High school football team solves Ramadan, heatstroke problem in one fell swoop
The football team at Dearborn (Mich.) Fordson High School reflects the population of its student body, in that both are heavily of the Arabic persuasion.
The challenge for the football team comes when Ramadan, a holy month in Islam whose most prominent feature is the requirement that Muslims refrain from eating and drinking in daylight hours. Dearborn Fordson has learned from past experience that when Ramadan falls during football season, not eating and drinking, intended to bulk up the spiritual strength of the players, tends to sap their physical strength. Plus, players refusing water during hot August practices can be a tad dangerous.
So the Tractors, as they are called, came up with a way to solve the conflict between two religions (Islam and football), prevent heat exhaustion AND give their players a legitimate excuse for breaking curfew. From the Press & Guide Newspapers in Dearborn:
Fordson coach Fouad Zaban said the plan was to work from midnight until about 5 a.m. during the preseason, which this season falls during the period of Ramadan fasting.
“We’ve always had to practice and do some work while most of the kids were fasting and we’ve done what we can to adjust everyone’s schedule,” said Zaban, “but this is the first time we’ve had the opportunity to really do something about it.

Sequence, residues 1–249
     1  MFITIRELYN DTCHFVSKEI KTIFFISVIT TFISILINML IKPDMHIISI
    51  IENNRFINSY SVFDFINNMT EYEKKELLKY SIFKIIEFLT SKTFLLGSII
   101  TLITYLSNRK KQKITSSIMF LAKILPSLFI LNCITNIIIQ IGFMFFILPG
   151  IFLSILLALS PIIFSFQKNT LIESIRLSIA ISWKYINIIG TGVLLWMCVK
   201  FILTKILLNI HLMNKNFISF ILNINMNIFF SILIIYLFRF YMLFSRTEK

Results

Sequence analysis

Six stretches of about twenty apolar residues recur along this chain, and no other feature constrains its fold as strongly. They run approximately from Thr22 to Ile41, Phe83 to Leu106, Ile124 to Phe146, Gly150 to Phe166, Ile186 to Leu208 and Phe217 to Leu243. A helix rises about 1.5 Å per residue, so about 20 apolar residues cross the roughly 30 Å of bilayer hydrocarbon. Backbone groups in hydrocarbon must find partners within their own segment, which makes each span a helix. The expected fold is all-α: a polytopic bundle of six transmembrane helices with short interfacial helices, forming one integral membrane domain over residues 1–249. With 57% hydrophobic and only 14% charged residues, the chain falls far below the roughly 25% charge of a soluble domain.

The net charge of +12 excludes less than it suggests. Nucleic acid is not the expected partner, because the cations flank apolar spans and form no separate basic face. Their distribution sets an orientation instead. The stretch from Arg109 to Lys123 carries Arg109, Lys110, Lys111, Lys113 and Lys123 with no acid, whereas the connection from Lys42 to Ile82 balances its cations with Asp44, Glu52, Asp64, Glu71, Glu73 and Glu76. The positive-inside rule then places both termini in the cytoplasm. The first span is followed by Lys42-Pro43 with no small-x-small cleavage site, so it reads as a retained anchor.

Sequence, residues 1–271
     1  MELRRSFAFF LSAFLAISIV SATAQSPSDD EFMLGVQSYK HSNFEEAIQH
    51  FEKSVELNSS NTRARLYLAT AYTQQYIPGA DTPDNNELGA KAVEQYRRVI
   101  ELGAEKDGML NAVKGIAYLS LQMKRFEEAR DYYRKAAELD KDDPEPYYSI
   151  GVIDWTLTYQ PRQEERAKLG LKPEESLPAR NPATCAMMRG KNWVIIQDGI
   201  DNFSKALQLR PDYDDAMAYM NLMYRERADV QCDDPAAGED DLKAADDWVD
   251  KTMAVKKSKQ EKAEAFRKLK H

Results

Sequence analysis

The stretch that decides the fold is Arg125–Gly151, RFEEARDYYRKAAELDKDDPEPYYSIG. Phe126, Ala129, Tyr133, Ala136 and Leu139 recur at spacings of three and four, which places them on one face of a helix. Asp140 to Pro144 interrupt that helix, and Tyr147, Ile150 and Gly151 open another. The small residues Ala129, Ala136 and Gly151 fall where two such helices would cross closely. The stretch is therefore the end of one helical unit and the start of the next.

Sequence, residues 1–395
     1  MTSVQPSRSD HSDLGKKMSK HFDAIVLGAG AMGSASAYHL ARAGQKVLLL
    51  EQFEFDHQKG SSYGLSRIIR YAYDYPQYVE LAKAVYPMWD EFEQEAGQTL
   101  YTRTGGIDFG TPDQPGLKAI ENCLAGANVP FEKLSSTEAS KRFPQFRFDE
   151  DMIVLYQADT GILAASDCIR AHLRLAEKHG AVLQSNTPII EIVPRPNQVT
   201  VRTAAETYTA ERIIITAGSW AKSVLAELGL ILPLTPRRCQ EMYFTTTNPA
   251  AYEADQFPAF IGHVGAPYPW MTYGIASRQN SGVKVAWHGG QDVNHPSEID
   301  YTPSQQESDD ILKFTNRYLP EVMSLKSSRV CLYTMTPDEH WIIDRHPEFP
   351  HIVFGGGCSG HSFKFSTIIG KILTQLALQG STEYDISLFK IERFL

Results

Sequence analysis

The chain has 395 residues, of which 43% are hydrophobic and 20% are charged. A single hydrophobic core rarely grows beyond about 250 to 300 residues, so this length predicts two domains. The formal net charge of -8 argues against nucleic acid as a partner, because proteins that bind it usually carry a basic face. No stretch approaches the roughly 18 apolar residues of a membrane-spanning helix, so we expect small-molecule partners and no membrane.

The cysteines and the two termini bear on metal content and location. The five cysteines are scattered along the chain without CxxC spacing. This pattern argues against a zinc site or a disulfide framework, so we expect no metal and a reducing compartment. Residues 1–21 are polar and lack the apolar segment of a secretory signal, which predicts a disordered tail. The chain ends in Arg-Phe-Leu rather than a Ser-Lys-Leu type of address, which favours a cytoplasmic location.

“School hasn’t started yet and we don’t have a game for three more weeks, so we can change our schedule around and now we won’t have players running around out there when it’s 90 degrees and they can’t get a drink of water.
“It’s a safety issue, but we think it’s going to be fun, too.”
On top of that, the players will get to spend their fasting time the easiest way possible: sleeping.
Actually, having midnight practices might not be a bad idea for the non-Muslim football population as well, at least as a way to beat the heat. Already this summer, there have been reports out of Atlanta, Kansas City, Rowan County, Ky., of high school football players being taken to hospitals because of heat exhaustion. In the Louisville area — where one Jason Stinson was tried but acquitted after one of his players died during a hot practice — one Christian high school is starting before sunrise.
And its training table isn’t even halal.